HUDSON — Preparing a student for college involves more than schedules, classes and roommates.

It involves an awareness of sexual assault, whether through a recognition of stalking and other behaviors, or by seeing something and saying something — and helping to keep friends safe.

Sponsored by the Zonta Club of Hudson, Jennifer O’Connell, director for Sexual and Relationship Violence Support Services at Kent State University, shared information for college-bound students about college campus sexual assault and violence Nov. 28 at the Hudson Library and Historical Society.

"With college campus sexual assault in the headlines more frequently, we want to bring college-bound students together with their parents to learn about how they can best prepare to be safe in the college campus environment," said Zonta Club President Lynn McMasters.

Sexual assault is a broad term for any physical sexual contact without consent, O'Connell said. It also includes anyone who cannot give consent due to incapacitation or disability.

In Ohio, anyone between 13 and 17 years old can give consent to have sex with someone also between the ages of 13 and 17, O'Connell said. Once someone turns 18, their partner must be at least 16 years old — or sexual contact is considered statutory rape.

"Parents need to talk with high school and college-bound students about dating and what is expected, how to say no to sex, and how to be open and honest talking about sex," O'Connell said. "Trust your gut and get out of a situation. Watch out for each other and always leave together."

On a college campus, students need to stay in groups at parties and look out for one another, she said.

"If you choose to drink, know how much you drink and what you are drinking," O'Connell said. "Don't leave a drink unattended or accept a drink mixed by someone else."

Parents should also be aware of victim blaming, which is the notion that "she dressed like that [provocative], what did she expect?" O'Connell said.

It's never the victim’s fault, she added.

O'Connell said it only takes one person to step forward to prevent sexual assault — and others will follow.

"If you see something that makes you uncomfortable, do something," O'Connell said.

Confrontation is one choice, but causing a distraction can break up bad behavior, she said. A shy person can tell a friend or someone in authority and encourage them to act. And it is a good idea to follow-up with the victim by asking them if they are all right.

Intimate partner violence can be more than physical, she said, especially when one person has power over another through verbal, emotional, mental or physical abuse, medical neglect or economic control. This can include stalking, isolation from peers and can escalate to physical assault to maintain that control.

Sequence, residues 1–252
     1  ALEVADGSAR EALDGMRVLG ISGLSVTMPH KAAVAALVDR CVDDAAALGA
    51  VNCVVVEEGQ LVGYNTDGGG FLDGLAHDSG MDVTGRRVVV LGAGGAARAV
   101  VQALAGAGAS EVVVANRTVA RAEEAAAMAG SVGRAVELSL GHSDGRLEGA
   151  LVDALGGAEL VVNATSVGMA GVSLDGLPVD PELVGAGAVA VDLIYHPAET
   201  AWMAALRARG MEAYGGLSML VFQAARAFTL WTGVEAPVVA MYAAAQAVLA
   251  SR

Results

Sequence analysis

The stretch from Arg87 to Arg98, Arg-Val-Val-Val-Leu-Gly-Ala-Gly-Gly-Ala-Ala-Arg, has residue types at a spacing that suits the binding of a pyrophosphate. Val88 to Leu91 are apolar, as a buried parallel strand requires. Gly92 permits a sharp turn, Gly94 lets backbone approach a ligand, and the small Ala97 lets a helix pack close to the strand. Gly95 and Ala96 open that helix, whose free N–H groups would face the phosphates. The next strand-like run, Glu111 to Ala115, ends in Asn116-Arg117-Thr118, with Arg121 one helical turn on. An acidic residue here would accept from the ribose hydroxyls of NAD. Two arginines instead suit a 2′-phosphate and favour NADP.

"We see a lot of social media posts," O'Connell said. "The person is monitoring someone because they're jealous. They may threaten to kill themselves if the person leaves."

Stalkers may also continue to ask someone out even when the person has said no, O'Connell said.

Simple rules to follow include locking the door, being aware of surroundings, looking and listening when walking across campus, and always carrying a cell phone and cash for emergencies.

Victims should find a safe place and seek medical care immediately, O'Connell said, as there is a short window to collect evidence. Preserve any evidence such as clothing, sheets, texts and social media. Call police and file a report. Document the situation and add any new details as recalled.

O'Connell said Akron General Hospital has a Sexual Assault Nurse Examiner who specializes in sexual assault cases and collecting physical evidence.

Colleges and universities are obligated to have programs in place because of Title IX, which states "No person in the United States, on the basis of sex, be excluded from participation in, be denied the benefits of,or be subjected to discrimination under any education program or activity receiving Federal financial assistance."

In addition, the The Jeanne Clery Disclosure of Campus Security Policy and Campus Crime Statistics Act is a federal statute requiring colleges and universities which are participating in federal financial aid programs to maintain and disclose campus crime statistics and security information.

If a campus is aware of a crime, they must notify students, O'Connell said. KSU has Flash Alerts, an emergency text notification system.

No matter what campus a student attends, they should find out about any history of violence on the campus and programs available.

The Zonta Club of Hudson is an organization seeking to empower women and girls through service and advocacy. The group is commemorating Zonta International’s "16 Days of Activism" that takes place each year from Nov. 25 to Dec. 10. For more information, visit

Reporter Laura Freeman can be reached at 330-541-9434 or